FIG. 27 is another example of the input and resulting analysis of the program. FIG. 27A shows the weather data for management area ‘BV’ on Feb. 1, 2001 used as input on the ‘Input’ data sheet. The resulting output that would be displayed on the ‘Output’ sheet is shown in FIG. 27B. ‘Exemplar’ represents the date and ‘output1’ is the predicted N, or the predicted number of occurrences for that date. Once the predicted N is known for the date in question, the ‘Comparison’ sheet is used to assess the risk of that predicted number of occurrences actually occurring. As shown in FIG. 27C, when the predicted number of occurrences is 10, 90% of the time the actual number of interruptions was between 5 and 17. The table in FIG. 27D gives the risk of N or fewer and the risk of N or greater interruption actually occurring when the predicted number was 10.
FIG. 28 demonstrates the accuracy of the predicted number of interruptions at six different locations in Florida by displaying a map including the locations with bar graphs displaying both the actual and predicted number of interruptions.
Several methods exist for modeling and predicting extreme weather condition failure rates, and there are methods that account for the baseline failure rates due to aging and other causes of equipment failure. Interruptions as a function of common weather conditions comprise a gap between those models, and the present invention will bridge that gap.
There is a hidden weather component, in most, if not all of the traditionally defined causes of interruptions as shown in FIG. 1. Additionally, the hidden component is amenable to stochastic analysis and the prediction of interruptions similar to that shown in FIG. 3. This novel method of reliability analysis can be applied to a broad range of environmental and climatic conditions.
The predictor method provides the power industry with an opportunity to reduce the downtime of power interruptions by proper distribution of the service work force. This will, in turn, improve short-term planning and optimize manpower. It can also help identify circuits and systems prone to failures due to common weather conditions. The model offers an economical tool with negligible maintenance costs to utility companies to improve its SAIFI and increase its power transmission. Short-term benefits to the power industry include efficient deployment of service staff, improved maintenance scheduling, and optimization of the number of staff members per shift and per region. Long-term benefits include an improved ability to explain to management and share holder about failures, improved SAIDI, efficient selection of equipment and manpower, improved predictions on whether new investment will bring the desired result, and elimination of dependency on annual average calculations for finding the number of interruptions. Until now, no other method was capable of assessing the probability of a specific range of interruptions for a region during common weather conditions.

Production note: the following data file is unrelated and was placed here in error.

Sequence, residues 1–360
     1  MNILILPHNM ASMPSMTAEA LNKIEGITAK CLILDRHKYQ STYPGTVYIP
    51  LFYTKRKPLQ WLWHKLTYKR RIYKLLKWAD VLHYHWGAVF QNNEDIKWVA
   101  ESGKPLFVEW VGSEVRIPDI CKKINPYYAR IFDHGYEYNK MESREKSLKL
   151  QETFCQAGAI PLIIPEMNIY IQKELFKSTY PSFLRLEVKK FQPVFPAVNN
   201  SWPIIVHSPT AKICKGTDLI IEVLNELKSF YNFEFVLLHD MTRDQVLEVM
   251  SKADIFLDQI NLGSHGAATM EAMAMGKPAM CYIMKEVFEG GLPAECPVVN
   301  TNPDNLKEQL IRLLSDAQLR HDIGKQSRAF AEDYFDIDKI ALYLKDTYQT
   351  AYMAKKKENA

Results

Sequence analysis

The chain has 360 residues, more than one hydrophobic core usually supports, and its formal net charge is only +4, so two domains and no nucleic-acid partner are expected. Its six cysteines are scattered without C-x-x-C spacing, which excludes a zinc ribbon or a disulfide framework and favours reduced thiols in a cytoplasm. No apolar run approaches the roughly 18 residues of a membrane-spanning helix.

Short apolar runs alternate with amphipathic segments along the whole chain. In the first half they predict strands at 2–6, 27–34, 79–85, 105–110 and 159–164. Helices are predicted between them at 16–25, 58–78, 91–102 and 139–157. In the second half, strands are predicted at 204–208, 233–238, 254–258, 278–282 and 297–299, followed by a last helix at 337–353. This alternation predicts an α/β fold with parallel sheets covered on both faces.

This method can also be used for research into the relative reliability of a system under different weather conditions or at different times. Actual weather and interruption data can be used to train the predictor models and then theoretical weather data can be entered into the trained models. The predictions can be used to rate the robustness of a system to common weather conditions. In addition, this process can be repeated at intervals before and after maintenance or reliability enhancement programs are implemented. This will enable researchers to determine whether these programs are producing the desired results.
The normalization method has been shown to consistently and positively improve the correlations between the present year's reliability measures and the previous year's reliability measures. Since the adjustments were done solely on the basis of daily weather values, and accepting the logic presented above, it can be concluded that at least some part of the effects of weather on the reliability measures N, CI, and CMI have been accounted for, and that the measures have been normalized for weather.
Because the reliability measures have been normalized for common weather conditions, and reliability indices are calculated from the measures, it can be concluded that the reliability indices have been normalized as well.
It will be seen that the advantages set forth above, and those made apparent from the foregoing description, are efficiently attained and since certain changes may be made in the above construction without departing from the scope of the invention, it is intended that all matters contained in the foregoing description or shown in the accompanying drawings shall be interpreted as illustrative and not in a limiting sense.
It is also to be understood that the following claims are intended to cover all of the generic and specific features of the invention herein described, and all statements of the scope of the invention which, as a matter of language, might be said to fall there between. Now that the invention has been described,